The upper part 9 is connected by means of releasable connecting means, for example screws or snap locks (not illustrated), to the gripping part 3. A seal 26 is inserted between the parts. The insert piece 20 is in the same manner provided with a groove receiving an 0-ring 27 therein. The gripping part 3 is provided with a shoulder which supports the O-ring 27.
The recess 12 receiving the switch 13 is covered in upward direction by a membrane 29 which has an operating button 28 affixed thereto. The membrane 29 is made of an elastically deformable material, as for example synthetic rubber or the like. The membrane 29 is connected and is clamped to the upper part 9 by means of screws or, however, also other releasable connecting means, and at the same time takes over the function of a seal.
A lid 30 has an annular bulge or rim 32 surrounding a recess 31. The operating button 28 is arranged countersunk in the recess 31 and thus is protected against an unintended operation.
In this particular embodiment, the recess 31 has a depth dimension D greater than a width dimension W. The cross sectional area of the outwardly opening surface opening of the recess 31 is of a sufficient size or width W to limit the reception of one human finger into the surface opening as shown in FIG. 1a. The depth dimension P of the top of the button from the top of the handle is in the range of 15 mm to 25 mm, preferably about 20 mm, also preferably equal to or greater than the width dimension W.
Since the operating button 28 lies lower than the upper side of the annular bulge or rim of the lid 30, it is necessary in order to operate the switch 13 that the operating member 33 thereof, which lies just below the underside of the operating button 28, be pressed substantially in longitudinal direction of the skipole 2 by the operating button 28, which due to the bulge 32 is possible only with a longitudinal axis of a finger-end being generally aligned with a longitudinal axis of the ski pole. When this occurs, the distal end segment S of, the finger will be generally aligned with the longitudinal axis of the recess 31. This, however, makes an automatic or unintended operation of the switch 13 impossible. As shown in FIG. 1a, the depth of the button 28 in the recess 31 requires a substantial portion P of the distal end segment S of the finger to be inserted into the recess 31 in order to effect an operation of the button 28.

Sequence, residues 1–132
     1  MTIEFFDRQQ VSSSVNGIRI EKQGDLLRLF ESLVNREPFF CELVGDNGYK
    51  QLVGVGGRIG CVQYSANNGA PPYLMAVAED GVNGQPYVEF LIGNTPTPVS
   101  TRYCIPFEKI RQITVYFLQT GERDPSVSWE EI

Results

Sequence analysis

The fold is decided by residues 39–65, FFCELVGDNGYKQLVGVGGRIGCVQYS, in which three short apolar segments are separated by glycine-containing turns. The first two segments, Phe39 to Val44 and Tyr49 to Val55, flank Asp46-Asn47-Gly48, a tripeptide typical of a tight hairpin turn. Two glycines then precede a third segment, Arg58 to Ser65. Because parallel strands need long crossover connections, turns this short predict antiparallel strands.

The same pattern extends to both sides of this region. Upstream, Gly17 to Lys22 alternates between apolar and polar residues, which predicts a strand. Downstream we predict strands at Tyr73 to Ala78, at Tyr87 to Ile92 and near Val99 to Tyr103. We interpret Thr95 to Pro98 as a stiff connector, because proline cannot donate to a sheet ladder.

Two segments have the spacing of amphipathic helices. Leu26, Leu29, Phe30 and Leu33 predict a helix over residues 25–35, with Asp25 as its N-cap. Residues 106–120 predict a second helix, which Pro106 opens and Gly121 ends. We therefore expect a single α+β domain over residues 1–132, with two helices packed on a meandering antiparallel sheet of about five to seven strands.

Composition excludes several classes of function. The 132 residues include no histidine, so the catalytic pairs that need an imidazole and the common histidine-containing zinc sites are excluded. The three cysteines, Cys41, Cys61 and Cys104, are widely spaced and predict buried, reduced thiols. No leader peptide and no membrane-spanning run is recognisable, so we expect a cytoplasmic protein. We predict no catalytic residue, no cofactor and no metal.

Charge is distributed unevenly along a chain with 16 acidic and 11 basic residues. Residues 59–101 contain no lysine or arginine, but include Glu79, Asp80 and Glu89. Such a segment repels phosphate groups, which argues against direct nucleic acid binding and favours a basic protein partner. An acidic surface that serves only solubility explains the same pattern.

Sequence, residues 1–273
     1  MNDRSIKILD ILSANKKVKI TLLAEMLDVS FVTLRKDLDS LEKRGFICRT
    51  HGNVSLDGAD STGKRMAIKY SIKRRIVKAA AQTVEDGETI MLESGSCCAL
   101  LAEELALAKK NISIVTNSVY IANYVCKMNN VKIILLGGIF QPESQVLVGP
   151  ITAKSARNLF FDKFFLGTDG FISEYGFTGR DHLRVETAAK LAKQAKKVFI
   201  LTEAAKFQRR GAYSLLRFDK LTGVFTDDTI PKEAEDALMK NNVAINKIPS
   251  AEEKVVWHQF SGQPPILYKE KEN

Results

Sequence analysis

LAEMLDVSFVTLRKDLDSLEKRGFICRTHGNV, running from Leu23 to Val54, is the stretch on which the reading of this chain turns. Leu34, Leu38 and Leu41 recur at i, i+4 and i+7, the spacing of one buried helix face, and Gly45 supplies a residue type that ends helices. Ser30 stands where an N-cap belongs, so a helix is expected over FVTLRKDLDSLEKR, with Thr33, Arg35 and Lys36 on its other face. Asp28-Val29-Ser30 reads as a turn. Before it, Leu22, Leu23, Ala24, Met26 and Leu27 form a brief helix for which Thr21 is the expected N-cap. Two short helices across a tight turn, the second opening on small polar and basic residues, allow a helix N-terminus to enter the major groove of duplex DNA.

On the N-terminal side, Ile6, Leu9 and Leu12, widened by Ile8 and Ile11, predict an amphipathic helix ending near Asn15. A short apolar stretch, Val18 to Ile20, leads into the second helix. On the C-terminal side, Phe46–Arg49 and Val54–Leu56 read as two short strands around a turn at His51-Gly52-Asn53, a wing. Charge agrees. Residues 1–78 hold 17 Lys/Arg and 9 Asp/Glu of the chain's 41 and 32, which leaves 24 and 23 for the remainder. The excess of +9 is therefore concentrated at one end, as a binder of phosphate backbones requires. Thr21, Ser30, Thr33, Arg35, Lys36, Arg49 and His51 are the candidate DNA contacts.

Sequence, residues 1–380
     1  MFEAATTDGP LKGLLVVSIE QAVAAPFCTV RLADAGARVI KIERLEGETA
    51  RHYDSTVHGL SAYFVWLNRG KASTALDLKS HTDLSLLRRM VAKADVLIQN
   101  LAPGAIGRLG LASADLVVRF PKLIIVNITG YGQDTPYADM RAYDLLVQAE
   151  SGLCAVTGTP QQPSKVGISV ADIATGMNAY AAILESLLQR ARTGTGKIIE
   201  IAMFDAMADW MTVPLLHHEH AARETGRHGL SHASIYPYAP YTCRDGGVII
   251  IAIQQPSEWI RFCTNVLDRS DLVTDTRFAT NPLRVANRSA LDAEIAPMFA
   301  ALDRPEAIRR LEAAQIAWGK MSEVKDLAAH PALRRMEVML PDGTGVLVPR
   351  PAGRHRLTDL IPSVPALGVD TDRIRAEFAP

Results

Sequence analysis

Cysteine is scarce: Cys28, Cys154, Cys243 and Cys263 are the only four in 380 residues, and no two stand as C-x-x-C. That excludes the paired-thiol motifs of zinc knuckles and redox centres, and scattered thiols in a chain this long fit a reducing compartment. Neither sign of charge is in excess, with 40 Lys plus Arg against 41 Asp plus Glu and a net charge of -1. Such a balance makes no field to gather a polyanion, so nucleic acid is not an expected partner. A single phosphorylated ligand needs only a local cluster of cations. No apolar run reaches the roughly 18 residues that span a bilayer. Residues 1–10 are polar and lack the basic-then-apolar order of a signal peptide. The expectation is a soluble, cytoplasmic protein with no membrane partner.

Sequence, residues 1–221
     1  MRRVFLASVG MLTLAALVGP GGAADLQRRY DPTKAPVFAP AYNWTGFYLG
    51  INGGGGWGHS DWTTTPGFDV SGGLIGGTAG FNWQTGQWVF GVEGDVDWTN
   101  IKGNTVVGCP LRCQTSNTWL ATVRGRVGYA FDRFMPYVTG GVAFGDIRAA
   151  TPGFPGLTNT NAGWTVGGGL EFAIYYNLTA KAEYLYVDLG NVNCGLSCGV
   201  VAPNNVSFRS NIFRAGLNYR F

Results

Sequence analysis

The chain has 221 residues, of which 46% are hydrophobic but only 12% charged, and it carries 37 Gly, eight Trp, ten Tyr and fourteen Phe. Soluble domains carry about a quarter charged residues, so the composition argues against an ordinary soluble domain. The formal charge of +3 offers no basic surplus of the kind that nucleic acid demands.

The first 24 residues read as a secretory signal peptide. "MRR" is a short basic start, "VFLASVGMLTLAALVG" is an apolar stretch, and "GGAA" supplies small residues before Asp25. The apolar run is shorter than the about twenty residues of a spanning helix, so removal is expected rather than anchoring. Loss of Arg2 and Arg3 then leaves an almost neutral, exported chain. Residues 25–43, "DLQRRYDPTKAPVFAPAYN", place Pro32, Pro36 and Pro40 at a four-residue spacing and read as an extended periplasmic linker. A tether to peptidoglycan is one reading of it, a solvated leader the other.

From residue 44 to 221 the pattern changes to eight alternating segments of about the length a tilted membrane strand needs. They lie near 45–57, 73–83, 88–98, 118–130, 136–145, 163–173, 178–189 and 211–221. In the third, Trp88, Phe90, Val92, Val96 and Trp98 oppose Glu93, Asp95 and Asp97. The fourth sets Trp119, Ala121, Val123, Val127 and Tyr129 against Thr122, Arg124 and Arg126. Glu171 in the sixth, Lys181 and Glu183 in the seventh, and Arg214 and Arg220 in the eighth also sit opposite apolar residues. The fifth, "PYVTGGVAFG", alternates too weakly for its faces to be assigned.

An operation of the switch 13 results in activation of the transmitter 18 and thus an emitting of signals which are received by a receiver arranged in a jaw of a ski binding (not illustrated specifically but see FIG. 4) result in an activation of the release mechanism of the binding. Thus, by simply operating the switch 13, the binding can be released voluntarily permitting a comfortable stepping out of the binding without bending down. An undesired release of the binding during downhill skiing, for example due to reactions of fear, is, however, at the same time not possible because of the countersunk arrangement of the operating button 28. Such a release could result in falls surprising and therefore dangerous for the skier.
The emission of the signals of the transmitter 18 is in the embodiment of FIG. 1 done substantially in direction of the longitudinal axis of the skipole 2, so that an easy alignment of the signal emitter to the jaw of the binding, which jaw has the receiver, is possible.